Author(s): McGibbon A, Chen GI, Peltekian KM, van Zanten SV
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Abstract The purpose of this study was to provide evidence-based approaches to detect ascites, perform paracentesis, order tests, and interpret the results. A Medline search was performed to identify relevant articles. Of 731 identified articles, 50 articles were used. The most sensitive findings for ascites detection are ankle edema (93\%), increased abdominal girth (87\%), flank dullness (84\%), and bulging flanks (81\%). Paracentesis is safe, with bleeding rates and leakage of <1\%. An ascitic fluid polymorphonuclear cell count >or=250 cells/mm(3) is the most sensitive test (86\%-100\%) to diagnose spontaneous bacterial peritonitis. The serum-ascites albumin gradient is the most useful test in identifying portal hypertension-related ascites. Large-volume paracentesis is effective in the treatment of refractory ascites. We conclude that paracentesis is a safe and vital procedure in patients with new-onset ascites. Once detected, an algorithmic approach to ordering tests and their interpretation is useful to determine etiology and direct further management.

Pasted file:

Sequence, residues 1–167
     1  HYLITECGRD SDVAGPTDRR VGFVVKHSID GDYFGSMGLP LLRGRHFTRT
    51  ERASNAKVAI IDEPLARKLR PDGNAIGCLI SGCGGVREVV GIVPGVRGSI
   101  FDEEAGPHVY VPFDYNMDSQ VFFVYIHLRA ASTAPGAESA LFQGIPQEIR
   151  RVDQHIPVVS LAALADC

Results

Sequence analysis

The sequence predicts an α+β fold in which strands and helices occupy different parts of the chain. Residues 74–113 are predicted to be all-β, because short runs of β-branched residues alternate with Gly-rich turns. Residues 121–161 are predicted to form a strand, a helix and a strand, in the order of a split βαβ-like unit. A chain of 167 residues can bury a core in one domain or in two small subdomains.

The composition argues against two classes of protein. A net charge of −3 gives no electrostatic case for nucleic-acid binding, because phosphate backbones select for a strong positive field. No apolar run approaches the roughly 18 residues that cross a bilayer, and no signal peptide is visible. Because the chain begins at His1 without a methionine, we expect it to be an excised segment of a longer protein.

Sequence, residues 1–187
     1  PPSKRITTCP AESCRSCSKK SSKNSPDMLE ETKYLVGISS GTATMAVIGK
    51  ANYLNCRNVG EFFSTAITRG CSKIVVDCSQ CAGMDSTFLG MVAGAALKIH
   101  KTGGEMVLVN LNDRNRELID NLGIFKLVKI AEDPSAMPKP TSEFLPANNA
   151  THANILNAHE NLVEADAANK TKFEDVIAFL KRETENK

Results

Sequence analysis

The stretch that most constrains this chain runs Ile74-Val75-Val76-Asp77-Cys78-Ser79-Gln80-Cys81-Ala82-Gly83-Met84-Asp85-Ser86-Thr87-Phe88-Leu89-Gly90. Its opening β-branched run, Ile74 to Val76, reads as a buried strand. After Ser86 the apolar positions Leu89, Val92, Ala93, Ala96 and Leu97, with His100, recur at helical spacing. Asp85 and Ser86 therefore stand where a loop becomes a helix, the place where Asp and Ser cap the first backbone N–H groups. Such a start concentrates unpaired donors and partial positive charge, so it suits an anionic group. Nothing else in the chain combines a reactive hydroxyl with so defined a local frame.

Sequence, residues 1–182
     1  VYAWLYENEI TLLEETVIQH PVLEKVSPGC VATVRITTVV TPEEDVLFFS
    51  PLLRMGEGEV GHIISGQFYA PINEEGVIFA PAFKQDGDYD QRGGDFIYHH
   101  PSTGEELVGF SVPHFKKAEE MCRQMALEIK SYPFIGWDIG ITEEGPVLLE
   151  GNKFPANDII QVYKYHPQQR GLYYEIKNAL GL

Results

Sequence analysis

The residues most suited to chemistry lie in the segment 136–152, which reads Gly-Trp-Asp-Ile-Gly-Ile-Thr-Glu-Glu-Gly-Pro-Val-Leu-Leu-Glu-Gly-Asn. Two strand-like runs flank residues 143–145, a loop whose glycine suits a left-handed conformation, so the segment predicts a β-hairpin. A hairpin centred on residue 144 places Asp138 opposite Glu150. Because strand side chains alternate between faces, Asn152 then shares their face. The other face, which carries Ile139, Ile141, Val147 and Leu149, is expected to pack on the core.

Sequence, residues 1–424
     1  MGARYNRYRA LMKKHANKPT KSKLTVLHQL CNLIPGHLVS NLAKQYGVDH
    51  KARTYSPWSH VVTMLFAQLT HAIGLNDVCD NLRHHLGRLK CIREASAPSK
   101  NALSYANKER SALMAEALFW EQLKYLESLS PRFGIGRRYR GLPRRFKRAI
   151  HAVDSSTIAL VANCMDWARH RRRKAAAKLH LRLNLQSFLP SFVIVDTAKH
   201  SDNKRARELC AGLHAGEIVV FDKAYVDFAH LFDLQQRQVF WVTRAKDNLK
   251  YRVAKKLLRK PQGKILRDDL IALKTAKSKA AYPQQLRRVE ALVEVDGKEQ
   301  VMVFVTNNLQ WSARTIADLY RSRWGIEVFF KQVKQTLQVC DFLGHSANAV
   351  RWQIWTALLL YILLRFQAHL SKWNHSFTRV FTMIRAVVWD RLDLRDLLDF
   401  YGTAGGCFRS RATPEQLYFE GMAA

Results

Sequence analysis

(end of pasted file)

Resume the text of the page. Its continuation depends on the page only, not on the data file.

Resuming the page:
This article was published in Dig Dis Sci
and referenced in Journal of Blood Disorders & Transfusion